Game of catch-up

Legislation passed last year allowed people ages 50 and older to increase the value of their retirement plan accounts before they retire. Unfortunately, this law overlooked federal employees.

Now, Congress finally is acting to remedy that situation. Federal workers ages 50 and older would be able to contribute more money to their Thrift Savings Plan retirement accounts each year, under a bill — H.R. 3340 — that recently was approved unanimously by the House.

Sen. Daniel Akaka (D-Hawaii) introduced an identical measure in the Senate — S. 1822 — and there is a "50-50" chance that the Senate will pass it by the end of the current congressional term, said Jordie Hannum, a legislative assistant for Rep. Connie Morella (R-Md.). A measure could move quickly under a unanimous consent agreement, Hannum added.

The so-called "catch-up contributions" bill would let 50-and-older feds contribute up to $2,000 more to their TSP accounts in 2003 than feds who are younger than 50 will be allowed to contribute. Morella, the bill's sponsor, said the contributions "will allow workers to make up for years when they were not employed, did not contribute to their plan or otherwise were unable to save. It is also particularly beneficial for women who have returned to the workforce after taking time away to raise families."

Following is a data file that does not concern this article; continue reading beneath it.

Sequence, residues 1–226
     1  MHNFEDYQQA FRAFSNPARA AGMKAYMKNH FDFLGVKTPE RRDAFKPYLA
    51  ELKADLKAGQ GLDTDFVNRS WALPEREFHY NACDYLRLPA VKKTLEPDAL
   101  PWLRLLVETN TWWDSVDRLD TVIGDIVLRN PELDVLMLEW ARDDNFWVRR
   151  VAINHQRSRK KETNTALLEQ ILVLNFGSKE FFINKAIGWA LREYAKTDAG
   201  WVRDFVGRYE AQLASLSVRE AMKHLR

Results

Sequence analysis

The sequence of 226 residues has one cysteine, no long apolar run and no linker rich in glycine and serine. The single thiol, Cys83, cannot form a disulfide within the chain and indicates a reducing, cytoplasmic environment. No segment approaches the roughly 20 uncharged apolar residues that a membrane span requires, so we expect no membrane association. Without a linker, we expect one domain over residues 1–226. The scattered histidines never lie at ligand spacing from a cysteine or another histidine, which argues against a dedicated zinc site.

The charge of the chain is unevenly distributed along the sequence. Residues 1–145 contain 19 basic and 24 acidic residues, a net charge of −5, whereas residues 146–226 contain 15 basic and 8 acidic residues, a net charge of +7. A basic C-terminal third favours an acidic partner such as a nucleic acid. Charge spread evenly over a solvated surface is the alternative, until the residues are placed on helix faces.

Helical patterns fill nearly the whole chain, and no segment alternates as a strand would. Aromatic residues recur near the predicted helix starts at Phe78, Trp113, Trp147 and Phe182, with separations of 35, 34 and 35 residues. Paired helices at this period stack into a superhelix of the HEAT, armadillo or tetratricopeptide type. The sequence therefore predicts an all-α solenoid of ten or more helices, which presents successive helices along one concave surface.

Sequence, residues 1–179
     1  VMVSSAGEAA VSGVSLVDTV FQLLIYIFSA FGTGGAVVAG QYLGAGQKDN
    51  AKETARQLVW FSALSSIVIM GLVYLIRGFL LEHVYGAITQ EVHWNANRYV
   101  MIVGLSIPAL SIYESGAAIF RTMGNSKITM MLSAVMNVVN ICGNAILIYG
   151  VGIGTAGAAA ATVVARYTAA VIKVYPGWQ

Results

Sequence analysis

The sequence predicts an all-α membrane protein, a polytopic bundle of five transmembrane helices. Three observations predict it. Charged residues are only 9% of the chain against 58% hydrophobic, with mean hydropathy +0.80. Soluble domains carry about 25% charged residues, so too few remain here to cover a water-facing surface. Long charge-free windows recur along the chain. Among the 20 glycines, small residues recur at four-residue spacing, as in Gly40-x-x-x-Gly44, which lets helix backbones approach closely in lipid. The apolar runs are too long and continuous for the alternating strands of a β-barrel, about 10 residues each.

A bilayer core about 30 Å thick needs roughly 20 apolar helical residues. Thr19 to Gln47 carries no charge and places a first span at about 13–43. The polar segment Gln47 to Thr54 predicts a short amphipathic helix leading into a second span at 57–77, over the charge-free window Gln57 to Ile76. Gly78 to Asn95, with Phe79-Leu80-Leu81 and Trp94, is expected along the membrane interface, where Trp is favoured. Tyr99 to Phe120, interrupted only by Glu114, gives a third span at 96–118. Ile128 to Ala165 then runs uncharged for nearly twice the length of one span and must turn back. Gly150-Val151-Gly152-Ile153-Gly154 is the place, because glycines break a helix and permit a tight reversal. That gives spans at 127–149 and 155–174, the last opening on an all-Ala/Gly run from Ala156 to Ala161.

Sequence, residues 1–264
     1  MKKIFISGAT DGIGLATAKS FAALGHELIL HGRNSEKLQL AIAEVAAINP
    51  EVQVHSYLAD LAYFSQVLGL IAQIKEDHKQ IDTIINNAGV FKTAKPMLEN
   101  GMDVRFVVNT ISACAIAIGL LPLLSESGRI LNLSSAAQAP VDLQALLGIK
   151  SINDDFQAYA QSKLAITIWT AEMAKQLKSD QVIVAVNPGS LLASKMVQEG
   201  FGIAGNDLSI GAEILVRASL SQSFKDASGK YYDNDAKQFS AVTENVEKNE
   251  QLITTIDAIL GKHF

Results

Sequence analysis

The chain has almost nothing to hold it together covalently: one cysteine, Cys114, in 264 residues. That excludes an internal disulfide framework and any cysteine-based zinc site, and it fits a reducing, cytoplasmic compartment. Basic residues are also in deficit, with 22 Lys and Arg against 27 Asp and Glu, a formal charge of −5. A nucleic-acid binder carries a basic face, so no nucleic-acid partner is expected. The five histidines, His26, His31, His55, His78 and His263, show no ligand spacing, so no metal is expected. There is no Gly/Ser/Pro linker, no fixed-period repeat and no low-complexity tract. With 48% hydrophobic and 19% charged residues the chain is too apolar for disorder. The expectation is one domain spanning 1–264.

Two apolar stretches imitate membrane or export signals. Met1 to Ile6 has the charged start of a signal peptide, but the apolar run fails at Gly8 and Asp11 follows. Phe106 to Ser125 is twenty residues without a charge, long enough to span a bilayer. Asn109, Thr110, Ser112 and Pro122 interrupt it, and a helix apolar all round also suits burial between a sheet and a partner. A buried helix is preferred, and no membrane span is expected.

Morella also should have said that the legislation would allow federal workers to make up for years when there was no TSP.

Ordinarily, employees under the Civil Service Retirement System (CSRS) can contribute up to 8 percent of basic pay each pay period to their TSP accounts. Employees in the Federal Employees Retirement System (FERS) can contribute up to 13 percent of their basic pay each pay period. An annual contribution cap of $12,000 for 2003 applies to both groups.

Under H.R. 3340, 50-and-older feds could contribute up to $2,000 more than the limits for the year. For example, an employee under FERS who earns $50,000 a year would be able to contribute only $6,500 (13 percent) under normal rules to the TSP next year. If H.R. 3340 is enacted, the employee could contribute $8,500 next year. The catch-up contributions limit would rise to $3,000 in 2004 and $4,000 in 2005. From 2006 on, the limit would be $5,000 per year. The limit will be indexed for inflation for years after 2006.

However, actually allowing catch-up contributions in the TSP may be the easy part — the hard part may be the implementation. Can the TSP handle the raised minimum for eligible participants? Can agency payroll systems segregate catch-up contributions from other pretax deferrals? In light of the dismal record TSP officials have in implementing systems changes, there's a strong likelihood that they will botch this up. Then what?

Zall is a retired federal employee who since 1987 has written the Bureaucratus column for Federal Computer Week. He can be reached at milt.zall@verizon.net.

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